In order to preserve the murals in Ortega Park, it may be necessary to remove and store them during the upcoming construction. On Tuesday, July 6, Scott Haskins, of Fine Art Conservation Laboratories in Santa Barbara, met with Mark Alvarado, a former city employee and the community organizer behind One Community Bridge Project, the group responsible for the movement to preserve the 18 historic murals on and around the buildings in Ortega Park. This meeting, which came about in part as a result of several months’ worth of exchanges between Haskins and Justin Van Mullem, associate planner with the city’s Parks and Recreation Project Management team, represents the introduction of a new level of expertise in the conservation, transport, and storage of fine art murals into the at times heated public discussions over the fate of the public art in Ortega Park.
On Tuesday, just prior to his meeting with Alvarado, Haskins offered the following observations about the situation and what he and his company could potentially bring to the project. Haskins, as many followers of the Santa Barbara art scene will recall, was the lead conservator of the project that transported “A Portrait of Mexico Today” from the Bloomingdale estate in Pacific Palisades to the front steps of the Santa Barbara Museum of Art, where it has been on permanent round-the-clock display to the public since 2002.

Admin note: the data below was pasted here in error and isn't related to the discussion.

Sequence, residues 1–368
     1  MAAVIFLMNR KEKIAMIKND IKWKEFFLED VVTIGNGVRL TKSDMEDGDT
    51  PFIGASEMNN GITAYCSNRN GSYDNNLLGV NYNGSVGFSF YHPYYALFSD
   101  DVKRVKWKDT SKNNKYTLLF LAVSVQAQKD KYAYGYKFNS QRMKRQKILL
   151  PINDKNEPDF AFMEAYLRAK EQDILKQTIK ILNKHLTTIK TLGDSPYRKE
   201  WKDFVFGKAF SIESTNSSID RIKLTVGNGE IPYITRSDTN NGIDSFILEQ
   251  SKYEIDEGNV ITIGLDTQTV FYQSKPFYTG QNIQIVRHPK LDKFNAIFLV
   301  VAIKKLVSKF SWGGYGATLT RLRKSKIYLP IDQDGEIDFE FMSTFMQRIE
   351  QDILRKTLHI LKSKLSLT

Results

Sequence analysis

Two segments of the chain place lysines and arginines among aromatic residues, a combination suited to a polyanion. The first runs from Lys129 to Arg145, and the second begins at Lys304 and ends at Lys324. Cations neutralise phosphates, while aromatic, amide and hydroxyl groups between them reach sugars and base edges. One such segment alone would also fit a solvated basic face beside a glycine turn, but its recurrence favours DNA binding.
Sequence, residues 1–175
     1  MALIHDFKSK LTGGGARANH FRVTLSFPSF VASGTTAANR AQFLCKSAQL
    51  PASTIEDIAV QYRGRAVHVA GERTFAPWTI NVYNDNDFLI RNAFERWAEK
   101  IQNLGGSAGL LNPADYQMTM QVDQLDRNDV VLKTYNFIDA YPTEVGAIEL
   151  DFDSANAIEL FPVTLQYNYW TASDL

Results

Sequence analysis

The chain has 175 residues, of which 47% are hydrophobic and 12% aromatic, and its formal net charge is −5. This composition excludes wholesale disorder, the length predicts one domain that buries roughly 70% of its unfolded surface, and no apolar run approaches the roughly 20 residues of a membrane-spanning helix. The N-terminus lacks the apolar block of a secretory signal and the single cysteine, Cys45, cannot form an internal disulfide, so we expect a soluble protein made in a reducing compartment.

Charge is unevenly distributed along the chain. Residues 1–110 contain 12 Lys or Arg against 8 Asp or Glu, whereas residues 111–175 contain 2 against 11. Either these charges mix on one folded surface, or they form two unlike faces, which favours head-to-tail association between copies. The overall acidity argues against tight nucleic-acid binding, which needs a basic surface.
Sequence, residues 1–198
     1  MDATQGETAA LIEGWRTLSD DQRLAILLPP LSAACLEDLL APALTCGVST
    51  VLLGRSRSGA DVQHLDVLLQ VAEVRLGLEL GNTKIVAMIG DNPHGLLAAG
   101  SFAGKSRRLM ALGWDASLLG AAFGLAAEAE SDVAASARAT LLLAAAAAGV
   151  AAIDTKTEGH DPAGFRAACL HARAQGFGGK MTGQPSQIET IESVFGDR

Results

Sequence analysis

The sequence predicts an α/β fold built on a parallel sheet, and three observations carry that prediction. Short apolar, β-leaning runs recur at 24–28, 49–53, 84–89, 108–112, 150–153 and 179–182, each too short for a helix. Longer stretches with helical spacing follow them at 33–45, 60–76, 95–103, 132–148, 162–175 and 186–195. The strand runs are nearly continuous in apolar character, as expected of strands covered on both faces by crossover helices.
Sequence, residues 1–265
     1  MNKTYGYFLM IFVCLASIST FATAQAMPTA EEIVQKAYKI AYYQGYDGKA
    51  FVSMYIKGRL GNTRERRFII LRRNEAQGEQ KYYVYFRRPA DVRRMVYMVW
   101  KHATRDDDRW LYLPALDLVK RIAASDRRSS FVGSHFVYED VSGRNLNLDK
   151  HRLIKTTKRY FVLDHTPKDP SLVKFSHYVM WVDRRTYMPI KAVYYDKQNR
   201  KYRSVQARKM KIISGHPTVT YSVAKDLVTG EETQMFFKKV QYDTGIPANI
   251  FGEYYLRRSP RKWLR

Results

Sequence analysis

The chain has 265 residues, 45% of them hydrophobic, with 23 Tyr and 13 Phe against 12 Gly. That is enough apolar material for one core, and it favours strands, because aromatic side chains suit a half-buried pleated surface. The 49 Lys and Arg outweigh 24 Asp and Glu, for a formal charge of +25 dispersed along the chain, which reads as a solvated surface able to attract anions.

At this stage, Haskins said that he and Alvarado would only be talking about the three large works on the exterior walls of the park’s public restrooms. The artist, Manuel Unzueta, has resisted the idea of recreating his murals somewhere else. Once the disposition of those murals has been determined, it’s possible that the other 15 works may be included in the potential restoration project.
As Haskins understands it, the murals are the property of the City of Santa Barbara at this time. He emphasized the importance of distinguishing among different types of value when discussing public art. The appraisal of public art, Haskins said, requires a different approach than that of pricing other forms of fine art. “The value of public art extends beyond what it can be sold for,” Haskins said. For a proper appraisal of any work of public art, Haskins said, the most important thing to take into account is “what purpose the work can serve in the future.”
Having just returned from finishing a similar project involving a 30-foot mural in Austin, Texas, Haskins expressed confidence that the works in Ortega Park could not only be conserved effectively, but that they could also be stored locally for however long it takes to complete the construction project without any loss of integrity.
In response to a question about the notion that murals are by nature temporary works, and that they should be replaced on a schedule, Haskins expressed sincere doubt. “The idea that murals are only supposed to last 10 years — that’s ignorant,” he said. “The first project I ever worked on was in Italy, and the mural we preserved there was created in 1365.”
As for the question of whether or not the work in Ortega Park is of significant aesthetic value — enough to justify the expense of preservation — Haskins offered this: “My short answer? Yes.”